We must deal with one potential complication: when light travels into a medium
that is *less* optically dense (i.e., ), the interface
turns into an ideal reflector at certain angles so that no light is
transmitted. This special case denoted *total internal reflection* arises
when is greater than *critical angle*
, at which point the argument of the square root
function in Equation (9.5) turns
*negative*. This occurs at roughly in the case of an air–glass
interface. Total internal reflection is easy to experience personally inside a
swimming pool: observing the air–water interface from below reveals a striking
circular pattern that separates a refracted view of the outside from a pure
reflection of the pool’s interior, and this circle exactly corresponds to
a viewing angle of .

In the case of total internal reflection, the refracted direction `*wt` is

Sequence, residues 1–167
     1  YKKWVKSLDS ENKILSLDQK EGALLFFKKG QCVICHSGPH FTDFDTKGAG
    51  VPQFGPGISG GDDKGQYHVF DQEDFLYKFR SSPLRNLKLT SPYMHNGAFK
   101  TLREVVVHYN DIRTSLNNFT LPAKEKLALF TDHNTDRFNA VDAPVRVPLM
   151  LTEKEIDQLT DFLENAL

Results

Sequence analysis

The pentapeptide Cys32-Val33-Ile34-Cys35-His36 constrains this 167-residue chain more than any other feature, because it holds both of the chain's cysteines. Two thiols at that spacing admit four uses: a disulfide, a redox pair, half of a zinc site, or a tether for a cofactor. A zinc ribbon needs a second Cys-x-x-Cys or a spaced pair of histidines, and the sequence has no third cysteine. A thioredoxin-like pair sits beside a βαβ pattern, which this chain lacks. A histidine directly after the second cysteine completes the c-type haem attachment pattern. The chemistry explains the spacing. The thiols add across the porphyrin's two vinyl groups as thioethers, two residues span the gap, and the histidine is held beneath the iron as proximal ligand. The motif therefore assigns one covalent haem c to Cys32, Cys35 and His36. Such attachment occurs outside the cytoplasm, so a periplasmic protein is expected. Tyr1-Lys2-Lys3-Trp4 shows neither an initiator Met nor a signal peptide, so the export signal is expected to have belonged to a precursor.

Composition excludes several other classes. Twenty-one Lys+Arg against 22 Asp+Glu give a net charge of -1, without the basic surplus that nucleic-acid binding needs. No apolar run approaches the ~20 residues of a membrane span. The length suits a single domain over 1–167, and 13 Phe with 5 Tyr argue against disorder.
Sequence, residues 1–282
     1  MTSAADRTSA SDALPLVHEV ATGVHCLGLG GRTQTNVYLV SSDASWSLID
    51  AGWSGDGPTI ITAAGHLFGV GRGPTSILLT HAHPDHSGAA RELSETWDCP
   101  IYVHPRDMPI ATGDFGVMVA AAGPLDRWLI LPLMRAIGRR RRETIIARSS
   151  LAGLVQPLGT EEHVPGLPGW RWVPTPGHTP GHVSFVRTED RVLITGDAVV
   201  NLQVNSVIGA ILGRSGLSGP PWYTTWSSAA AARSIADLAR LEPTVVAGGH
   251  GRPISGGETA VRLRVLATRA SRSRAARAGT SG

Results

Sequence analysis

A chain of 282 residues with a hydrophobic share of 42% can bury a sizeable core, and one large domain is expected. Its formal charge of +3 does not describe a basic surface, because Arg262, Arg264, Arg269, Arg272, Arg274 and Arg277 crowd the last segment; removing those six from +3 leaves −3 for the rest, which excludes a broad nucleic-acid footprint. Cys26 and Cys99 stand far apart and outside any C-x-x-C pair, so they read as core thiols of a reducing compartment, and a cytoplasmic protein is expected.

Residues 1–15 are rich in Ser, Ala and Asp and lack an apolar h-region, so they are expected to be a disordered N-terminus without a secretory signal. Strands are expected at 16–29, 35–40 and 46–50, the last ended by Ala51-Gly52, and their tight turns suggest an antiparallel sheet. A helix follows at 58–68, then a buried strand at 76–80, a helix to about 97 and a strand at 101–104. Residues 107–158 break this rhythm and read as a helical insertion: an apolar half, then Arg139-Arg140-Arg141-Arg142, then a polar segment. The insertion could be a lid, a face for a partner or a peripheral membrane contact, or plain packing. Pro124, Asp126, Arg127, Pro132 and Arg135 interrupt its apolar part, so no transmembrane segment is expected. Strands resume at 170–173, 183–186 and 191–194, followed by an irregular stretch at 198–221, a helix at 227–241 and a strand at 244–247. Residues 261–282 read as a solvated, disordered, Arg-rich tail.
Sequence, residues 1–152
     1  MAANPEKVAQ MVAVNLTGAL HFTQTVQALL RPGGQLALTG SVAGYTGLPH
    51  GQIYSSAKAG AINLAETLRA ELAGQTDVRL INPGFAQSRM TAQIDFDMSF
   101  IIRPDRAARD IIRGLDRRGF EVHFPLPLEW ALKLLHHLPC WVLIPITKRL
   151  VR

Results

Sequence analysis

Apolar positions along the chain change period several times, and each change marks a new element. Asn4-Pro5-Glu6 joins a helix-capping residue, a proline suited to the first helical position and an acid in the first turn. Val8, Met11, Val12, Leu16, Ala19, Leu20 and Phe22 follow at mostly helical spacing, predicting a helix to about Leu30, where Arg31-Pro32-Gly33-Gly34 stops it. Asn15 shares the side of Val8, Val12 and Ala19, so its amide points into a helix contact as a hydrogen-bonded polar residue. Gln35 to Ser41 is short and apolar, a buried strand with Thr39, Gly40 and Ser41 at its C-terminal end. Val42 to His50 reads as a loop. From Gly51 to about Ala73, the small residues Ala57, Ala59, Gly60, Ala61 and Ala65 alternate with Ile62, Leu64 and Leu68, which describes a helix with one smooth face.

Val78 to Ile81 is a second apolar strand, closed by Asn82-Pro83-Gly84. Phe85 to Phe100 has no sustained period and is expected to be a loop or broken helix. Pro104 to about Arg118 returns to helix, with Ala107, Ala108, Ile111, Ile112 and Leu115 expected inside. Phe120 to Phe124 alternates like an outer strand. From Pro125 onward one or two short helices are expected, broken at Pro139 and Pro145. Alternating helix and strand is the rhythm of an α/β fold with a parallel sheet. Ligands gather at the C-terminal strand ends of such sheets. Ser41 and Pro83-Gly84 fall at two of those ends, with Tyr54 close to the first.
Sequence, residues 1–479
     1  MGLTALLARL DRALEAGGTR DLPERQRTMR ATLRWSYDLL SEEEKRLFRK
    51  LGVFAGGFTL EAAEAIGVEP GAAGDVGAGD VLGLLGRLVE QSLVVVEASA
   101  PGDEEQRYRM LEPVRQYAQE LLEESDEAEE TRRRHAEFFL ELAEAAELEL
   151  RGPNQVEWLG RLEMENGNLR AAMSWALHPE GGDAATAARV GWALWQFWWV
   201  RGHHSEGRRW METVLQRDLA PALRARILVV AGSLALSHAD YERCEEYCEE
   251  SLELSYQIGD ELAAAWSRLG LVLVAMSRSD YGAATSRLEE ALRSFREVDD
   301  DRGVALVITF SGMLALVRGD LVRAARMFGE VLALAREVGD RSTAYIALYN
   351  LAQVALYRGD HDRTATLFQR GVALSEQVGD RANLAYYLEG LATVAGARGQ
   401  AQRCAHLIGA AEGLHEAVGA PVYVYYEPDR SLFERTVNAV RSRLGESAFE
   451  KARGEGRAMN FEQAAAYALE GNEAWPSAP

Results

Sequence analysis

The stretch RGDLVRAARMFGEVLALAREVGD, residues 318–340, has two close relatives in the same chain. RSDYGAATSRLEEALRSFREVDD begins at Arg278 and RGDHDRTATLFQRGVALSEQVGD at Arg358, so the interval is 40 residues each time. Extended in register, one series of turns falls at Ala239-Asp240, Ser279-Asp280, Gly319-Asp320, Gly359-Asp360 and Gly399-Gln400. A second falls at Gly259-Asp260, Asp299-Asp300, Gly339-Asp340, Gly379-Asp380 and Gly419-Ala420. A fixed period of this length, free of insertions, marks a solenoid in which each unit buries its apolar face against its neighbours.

undefined, and the function returns `false` to indicate this.

### 9.3.5 The Fresnel Equations

The previous two subsections focused on *where* light travels following an
interaction with a specular material. We now turn to the question of *how
much*?

Light is normally both reflected and transmitted at the boundary between two materials
with a different index of refraction, though the transmission rapidly decays in
the case of conductors. For physically accurate rendering, we must account for
the fraction of reflected and transmitted light, which is directionally
dependent and therefore cannot be captured by a fixed per-surface scaling constant. The
*Fresnel equations*, which are the solution to Maxwell’s equations at
smooth surfaces, specify the precise proportion of reflected light.

Recall the conscious decision to ignore polarization effects in Section 4.1. In spite of that, we must briefly expand on how polarization is represented to express the Fresnel equations in their natural form that emerges within the framework of electromagnetism.